Like most words, faith has a great many definitions. It can mean trust, belief, confidence, or a belief that is held on spiritual intuition rather than evidence.
just as the people often have their own definition of the word “atheist”, choosing from any of the commonly accepted definitions, many theists have their own preferred definition for the word “faith”.
This is not unreasonable. However, as our society gets more technologically literate, beliefs based on intuition rather than evidence are more and more ostracized. The failure of intuition to produce reliable results is obvious, it’s been demonstrated countless times in history by thousands of religions and sects.
Theists therefore often try to shift the definition towards a meaning like “trust” or “confidence”, and suggest that it is not necessarily a lack of evidence.
There is no problem with allowing them to use this definition, so long as they stick with it, so long as they don’t equivocate and change the definition later on or use it differently without making it clear. However, invariably, this is precisely what happens. Throughout the Bible, the importance of faith, believing in things for which there is no evidence, is repeatedly stressed. Indeed, Jesus chastises Thomas because he does not have faith – he has knowledge. Thomas would not believe the resurrection until he actually saw it, and to Jesus this defeated the point of faith.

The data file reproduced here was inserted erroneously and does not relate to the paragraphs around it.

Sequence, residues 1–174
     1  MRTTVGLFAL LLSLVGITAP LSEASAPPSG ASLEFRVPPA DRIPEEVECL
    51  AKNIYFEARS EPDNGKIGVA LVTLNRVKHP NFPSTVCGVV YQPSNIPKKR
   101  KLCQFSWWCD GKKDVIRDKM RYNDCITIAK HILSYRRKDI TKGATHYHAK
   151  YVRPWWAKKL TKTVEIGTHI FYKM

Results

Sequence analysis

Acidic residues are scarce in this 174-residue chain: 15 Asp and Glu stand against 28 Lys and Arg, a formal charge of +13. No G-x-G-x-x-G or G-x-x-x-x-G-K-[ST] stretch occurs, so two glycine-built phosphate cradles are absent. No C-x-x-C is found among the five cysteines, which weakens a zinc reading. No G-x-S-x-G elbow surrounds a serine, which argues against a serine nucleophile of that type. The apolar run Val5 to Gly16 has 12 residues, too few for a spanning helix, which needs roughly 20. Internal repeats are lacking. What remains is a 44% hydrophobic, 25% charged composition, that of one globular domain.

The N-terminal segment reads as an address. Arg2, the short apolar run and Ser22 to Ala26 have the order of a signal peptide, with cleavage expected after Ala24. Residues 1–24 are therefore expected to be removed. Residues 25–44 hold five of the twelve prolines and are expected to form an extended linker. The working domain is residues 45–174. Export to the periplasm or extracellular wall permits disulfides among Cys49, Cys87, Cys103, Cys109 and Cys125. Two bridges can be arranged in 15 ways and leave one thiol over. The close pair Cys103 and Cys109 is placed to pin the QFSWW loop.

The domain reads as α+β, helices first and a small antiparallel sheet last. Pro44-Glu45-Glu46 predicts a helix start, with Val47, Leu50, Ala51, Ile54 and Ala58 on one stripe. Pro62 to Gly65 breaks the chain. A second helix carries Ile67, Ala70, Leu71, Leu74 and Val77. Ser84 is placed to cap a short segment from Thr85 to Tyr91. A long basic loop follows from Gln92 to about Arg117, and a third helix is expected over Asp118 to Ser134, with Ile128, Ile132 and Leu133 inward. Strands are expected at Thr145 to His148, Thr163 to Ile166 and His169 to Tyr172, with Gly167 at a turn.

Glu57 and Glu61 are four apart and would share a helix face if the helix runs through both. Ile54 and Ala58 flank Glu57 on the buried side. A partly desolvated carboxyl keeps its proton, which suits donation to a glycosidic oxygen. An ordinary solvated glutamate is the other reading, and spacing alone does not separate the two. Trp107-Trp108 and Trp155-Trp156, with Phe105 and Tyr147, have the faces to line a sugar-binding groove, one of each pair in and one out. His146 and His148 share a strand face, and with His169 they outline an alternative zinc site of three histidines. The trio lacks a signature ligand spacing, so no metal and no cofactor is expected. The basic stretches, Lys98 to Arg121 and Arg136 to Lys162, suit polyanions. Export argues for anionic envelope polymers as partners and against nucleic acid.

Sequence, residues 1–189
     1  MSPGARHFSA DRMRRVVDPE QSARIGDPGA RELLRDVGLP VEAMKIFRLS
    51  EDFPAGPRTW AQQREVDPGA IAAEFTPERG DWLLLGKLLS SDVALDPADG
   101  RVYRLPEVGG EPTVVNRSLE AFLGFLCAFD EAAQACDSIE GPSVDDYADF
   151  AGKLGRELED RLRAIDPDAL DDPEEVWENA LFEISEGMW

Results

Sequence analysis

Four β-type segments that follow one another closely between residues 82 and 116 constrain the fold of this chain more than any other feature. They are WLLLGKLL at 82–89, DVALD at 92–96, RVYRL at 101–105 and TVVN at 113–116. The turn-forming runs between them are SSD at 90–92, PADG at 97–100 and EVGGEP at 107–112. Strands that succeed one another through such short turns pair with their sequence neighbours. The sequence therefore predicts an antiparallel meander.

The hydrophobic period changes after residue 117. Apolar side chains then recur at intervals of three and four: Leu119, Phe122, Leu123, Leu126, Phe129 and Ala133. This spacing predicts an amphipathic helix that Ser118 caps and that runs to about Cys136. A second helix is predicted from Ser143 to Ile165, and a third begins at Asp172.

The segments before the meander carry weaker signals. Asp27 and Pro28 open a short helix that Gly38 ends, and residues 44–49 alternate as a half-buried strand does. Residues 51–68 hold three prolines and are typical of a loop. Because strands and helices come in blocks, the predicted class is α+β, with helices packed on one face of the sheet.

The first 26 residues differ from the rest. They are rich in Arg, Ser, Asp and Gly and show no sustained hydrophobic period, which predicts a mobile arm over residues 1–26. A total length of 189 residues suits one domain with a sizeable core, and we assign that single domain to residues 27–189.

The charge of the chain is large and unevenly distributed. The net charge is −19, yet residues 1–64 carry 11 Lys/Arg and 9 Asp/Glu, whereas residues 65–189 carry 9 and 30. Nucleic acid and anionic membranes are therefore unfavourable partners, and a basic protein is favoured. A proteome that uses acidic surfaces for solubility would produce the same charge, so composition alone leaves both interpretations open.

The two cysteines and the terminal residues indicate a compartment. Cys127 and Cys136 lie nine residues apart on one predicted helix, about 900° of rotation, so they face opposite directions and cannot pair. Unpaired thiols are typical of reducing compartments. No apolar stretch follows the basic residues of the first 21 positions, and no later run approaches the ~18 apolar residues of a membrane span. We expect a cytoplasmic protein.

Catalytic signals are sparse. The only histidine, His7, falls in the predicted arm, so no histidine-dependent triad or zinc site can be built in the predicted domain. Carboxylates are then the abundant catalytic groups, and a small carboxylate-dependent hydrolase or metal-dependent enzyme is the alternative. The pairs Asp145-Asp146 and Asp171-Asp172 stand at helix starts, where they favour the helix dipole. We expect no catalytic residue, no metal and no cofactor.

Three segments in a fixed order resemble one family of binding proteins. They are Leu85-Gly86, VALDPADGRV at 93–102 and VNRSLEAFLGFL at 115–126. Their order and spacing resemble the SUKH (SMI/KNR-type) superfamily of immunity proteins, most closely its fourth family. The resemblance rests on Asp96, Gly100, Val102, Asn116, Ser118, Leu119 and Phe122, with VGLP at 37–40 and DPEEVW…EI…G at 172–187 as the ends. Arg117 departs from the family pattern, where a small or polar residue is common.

If a theist decides to use faith in any other sense than “blind faith”, or believing in things without evidence, they must be held to that exact standard, and cannot use faith in a different context later.
Indeed, the whole point of theistic religion tends to be that one must have this faith, this belief without evidence. This is the antithesis of reason, and makes faith incompatible with reason.
Faith doesn’t give you the answers, it just stops you asking the questions.